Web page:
When Wayne Rooney sarcastically declared "Nice to see your own fans booing you," into a TV camera after England`s disappointing 0-0 draw against Algeria he seriously misjudged the mood of the nation and the 40,000 England fans in the Green Point stadium.
An hour later in the stadium`s mixed zone Peter Crouch delivered a more well balanced view on the jeers. "Obviously it`s disappointing, we want to give our fans something to cheer about.
We know they made a real big effort to get here and it`s a shame we didn`t put on a show for them tonight. We will have to work hard in training and try and get the win we need against Slovenia."
Crouch rightly acknowledged that after a poor performance the best remedy was to get back onto the training pitch and work, work, work until this team finally clicks into gear.
England`s boo boys have often been wide off the mark in the past, but on Friday I could not blame them for jeering that team off the pitch.
England played without passion and tempo against Algeria. For the second match in a row the players walked off without applauding their fans who had drowned out the vuvuzelas with their support before that dismal performance sucked the life out of them. All they got was Rooney`s bad-tempered missive.
So in the aftermath of that and with a must-win match looming against the most impressive
team of Group C, Slovenia, where do England go from here?
John Terry`s off-message suggestion that Capello`s strict rule, stubborn tactics and team selection had fostered tensions with the players was not what we needed to hear and frankly is not going to wash with the English public.
Yes they can expect a degree of empathy. Daily training, at altitude in the remote Royal Bafokeng Sports campus must get mundane and gruelling at times.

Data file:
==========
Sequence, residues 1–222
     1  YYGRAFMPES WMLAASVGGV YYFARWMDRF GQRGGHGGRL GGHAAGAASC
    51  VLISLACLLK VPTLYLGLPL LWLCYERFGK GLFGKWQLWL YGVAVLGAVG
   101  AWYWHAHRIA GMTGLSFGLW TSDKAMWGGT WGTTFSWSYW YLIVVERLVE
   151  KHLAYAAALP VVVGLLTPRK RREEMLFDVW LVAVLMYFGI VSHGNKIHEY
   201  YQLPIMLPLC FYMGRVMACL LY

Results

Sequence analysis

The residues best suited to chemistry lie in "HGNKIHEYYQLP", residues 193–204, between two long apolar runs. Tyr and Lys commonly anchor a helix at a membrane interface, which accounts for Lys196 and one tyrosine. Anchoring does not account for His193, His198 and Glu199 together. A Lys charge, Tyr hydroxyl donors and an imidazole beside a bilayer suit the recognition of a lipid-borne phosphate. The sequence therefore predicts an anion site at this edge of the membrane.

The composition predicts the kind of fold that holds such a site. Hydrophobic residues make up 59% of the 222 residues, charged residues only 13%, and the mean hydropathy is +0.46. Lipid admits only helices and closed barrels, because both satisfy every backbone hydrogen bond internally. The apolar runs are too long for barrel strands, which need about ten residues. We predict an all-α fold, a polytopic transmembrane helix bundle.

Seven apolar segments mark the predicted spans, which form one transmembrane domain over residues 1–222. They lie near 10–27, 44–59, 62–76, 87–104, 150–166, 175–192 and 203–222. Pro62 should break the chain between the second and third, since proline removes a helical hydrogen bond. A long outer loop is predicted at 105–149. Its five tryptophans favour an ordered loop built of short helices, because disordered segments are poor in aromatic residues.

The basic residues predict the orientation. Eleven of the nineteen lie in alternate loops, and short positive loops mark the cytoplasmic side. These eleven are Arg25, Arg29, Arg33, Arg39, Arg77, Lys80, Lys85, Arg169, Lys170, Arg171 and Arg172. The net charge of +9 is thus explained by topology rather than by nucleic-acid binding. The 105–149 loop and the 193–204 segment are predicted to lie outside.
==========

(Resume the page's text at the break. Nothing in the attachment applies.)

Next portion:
But this is the World Cup - not a golfing holiday.
Maybe Capello should have welcomed the player`s wives and girlfriends in the camp with open arms and perhaps Wayne Rooney is the kind of man that needs his wife and baby son around him to keep him contented.
But should Capello`s preferred methods have really come as a shock to the system?
The Italian was always going to run the England camp like a boot camp, isolating his players from distractions, controlling their diet and keeping them out of trouble.
After his successful tenures at Roma, Juventus, Milan and Real Madrid, the FA knew Fabio Capello was a disciplinarian and brought him in on a lucrative £6 million deal tasked with whipping our boys into shape.
It is what England needed after the `matey` Steve McClaren era in which it was felt that the players had too much control and the distractions of the WAG circus that Sven-Goran Eriksson permitted in Baden Baden in 2006.
England`s stars are serial underachievers who fail to replicate their stellar club form for the country and until they actually win something, most of the players know that this public perception will not go away.
That`s why Terry`s assertion yesterday that he was speaking `on behalf of the players` has been met with disdain by many of his colleagues.
Nobody elected him their spokesman and they know that the responsibility to start playing as well as they can at this World Cup lays at their door- whether they fancy a beer from time to time or not.
There was never any issue with Capello`s stern rule when England won nine out of ten of their
World Cup qualifiers, and Rooney was banging in the goals.
England have not become a bad team overnight and Fabio Capello remains one of the finest
managers in the game today.
A return to winning ways against Slovenia will end this debate as quickly as David James ended the goalkeeper debate on Friday.
And hopefully John Terry can get back to focusing on his job as a centre back instead of trying to pick the team.